When I began doing author interviews on this blog, I did it with a mission in mind: to heighten the awareness of the works written by the author’s I admire. Lori Clark was one of the first people I wanted to ask. As someone who has been on both sides of the publishing spectrum (self-publishing and traditional publishing), I thought she’d give a pretty interesting interview. I was right. Oh… and by the way, I did get her number… 😉

You can find her books on Amazon.com. Also be sure to check her out at: http://www.clarklori.com/ and: http://justbookinaround.blogspot.com/ and: https://www.facebook.com/pages/Just-Bookin-Around/212483995430964

                                

Q: How many completed novels do you have?

A: I have 3 completed, and one WIP.

Beauty’s Beholder (YA contemporary)

Between the Moon & Shine (MG fantasy)

and Tyler Falls (YA contemporary)

Q: You have recently been accepted for publication by a traditional publishing press. What is that like?

A: I have to be honest here, although I’m thrilled that Between the Moon & Shine has been picked up by a local publisher, it’s not as exciting as getting a call from an agent who has an offer of representation must be. I think every author dreams of having several agents “fight” over your manuscript and then having it go on to receive a 6+ figure deal. I think once the book actually hits the stores, then the reality of it will sink in for real.

Q: What is the basic storyline of this novel?

A: This is (somewhat) the query letter I used:

Fourteen-year-old Bobbi Flowers wishes on a falling star for a summer to remember. Rescuing her twin brother from Trogs and meeting a sixteen-year-old boy who claims he’s over half a century old isn’t what she has in mind.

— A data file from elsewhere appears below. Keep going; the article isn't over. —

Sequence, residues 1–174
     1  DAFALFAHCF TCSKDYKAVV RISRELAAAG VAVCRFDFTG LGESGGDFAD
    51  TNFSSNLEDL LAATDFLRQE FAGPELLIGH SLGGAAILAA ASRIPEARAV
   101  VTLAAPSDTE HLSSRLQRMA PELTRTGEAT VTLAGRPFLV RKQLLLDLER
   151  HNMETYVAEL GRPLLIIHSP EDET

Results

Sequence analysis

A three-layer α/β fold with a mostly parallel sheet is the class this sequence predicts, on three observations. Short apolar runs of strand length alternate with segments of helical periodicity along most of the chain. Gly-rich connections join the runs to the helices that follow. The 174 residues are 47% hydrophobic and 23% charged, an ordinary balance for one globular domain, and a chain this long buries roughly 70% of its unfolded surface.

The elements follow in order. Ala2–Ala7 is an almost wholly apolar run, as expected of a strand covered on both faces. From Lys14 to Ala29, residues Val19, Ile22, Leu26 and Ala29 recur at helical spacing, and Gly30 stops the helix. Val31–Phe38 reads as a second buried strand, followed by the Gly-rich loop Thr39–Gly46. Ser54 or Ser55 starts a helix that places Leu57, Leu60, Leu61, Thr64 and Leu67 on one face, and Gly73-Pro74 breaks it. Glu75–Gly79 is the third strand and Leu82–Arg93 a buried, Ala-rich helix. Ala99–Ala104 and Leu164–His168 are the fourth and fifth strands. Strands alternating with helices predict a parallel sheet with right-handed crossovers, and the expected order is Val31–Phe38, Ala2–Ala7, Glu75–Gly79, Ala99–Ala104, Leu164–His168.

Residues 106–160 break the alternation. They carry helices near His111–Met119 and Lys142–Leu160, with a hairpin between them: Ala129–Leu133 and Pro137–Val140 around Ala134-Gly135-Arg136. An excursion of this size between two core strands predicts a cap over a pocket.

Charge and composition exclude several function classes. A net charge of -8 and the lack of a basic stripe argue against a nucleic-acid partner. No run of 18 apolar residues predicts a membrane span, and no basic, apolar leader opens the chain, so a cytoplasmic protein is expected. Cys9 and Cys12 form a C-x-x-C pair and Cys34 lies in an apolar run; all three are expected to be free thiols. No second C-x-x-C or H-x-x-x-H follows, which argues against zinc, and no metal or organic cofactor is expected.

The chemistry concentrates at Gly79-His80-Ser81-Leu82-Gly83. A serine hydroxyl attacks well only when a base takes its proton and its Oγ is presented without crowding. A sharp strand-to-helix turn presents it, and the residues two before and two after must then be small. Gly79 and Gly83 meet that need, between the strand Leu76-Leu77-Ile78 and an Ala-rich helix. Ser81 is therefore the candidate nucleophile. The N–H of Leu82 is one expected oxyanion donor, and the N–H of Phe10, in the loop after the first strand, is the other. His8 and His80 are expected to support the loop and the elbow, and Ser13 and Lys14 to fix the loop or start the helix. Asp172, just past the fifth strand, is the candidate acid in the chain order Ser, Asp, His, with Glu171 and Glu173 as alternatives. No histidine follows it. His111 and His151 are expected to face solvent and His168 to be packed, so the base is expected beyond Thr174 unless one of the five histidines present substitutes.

When her brother is kidnapped one night, Bobbi sets out to find him. Armed with her Louisville Slugger (to wallop those creepy Trogs into the next county) and ajar of peanut butter (in case she gets hungry), her search leads her through a portal in the woods to The Over there — and Michael. Michael’s sixteen going on sixty and wants nothing to do with an outsider. When Bobbi saves his little brother’s life, Michael reluctantly agrees to help her. It becomes a race against time when Michael tells her that each night she spends in The Over there might mean years — if not decades — will pass before she returns home. Staying fourteen forever doesn’t sound like much fun and going home decades in the future doesn’t either.

Q: When are you expecting the book to be released?

A: I have no idea how long it takes these things to come out! Summer of 2014.

Q: Having traveled down both paths, what are the major differences, in your experience, between self-publishing and traditional publishing?

A: Traditional publishing takes so much longer for the book to come out. Self-publishing is much faster. I’ve always been a bit of a self-published book snob. Assuming someone who was unable to get an agent or publisher to take on their work must not be a very good writer. I don’t believe that anymore. I’ve read a huge number of self-published and e-published books lately that are surprisingly very good. I believe there is still an unfair negative attitude toward self-published authors and/or books though.

Q: What is your usual writing process?

A: I get a seed of an idea and then I rough out some of the characters and details in a notebook by hand. Other than these details and minimal outlining, I tend to be a fly-by-the-seat-of-my-pants style writer. I know some authors painstakingly map out practically the whole book. I am not one of those authors. As close as I come to that is writing in my notebook what I want to have happen in the next few chapters with a few sentences for each chapter.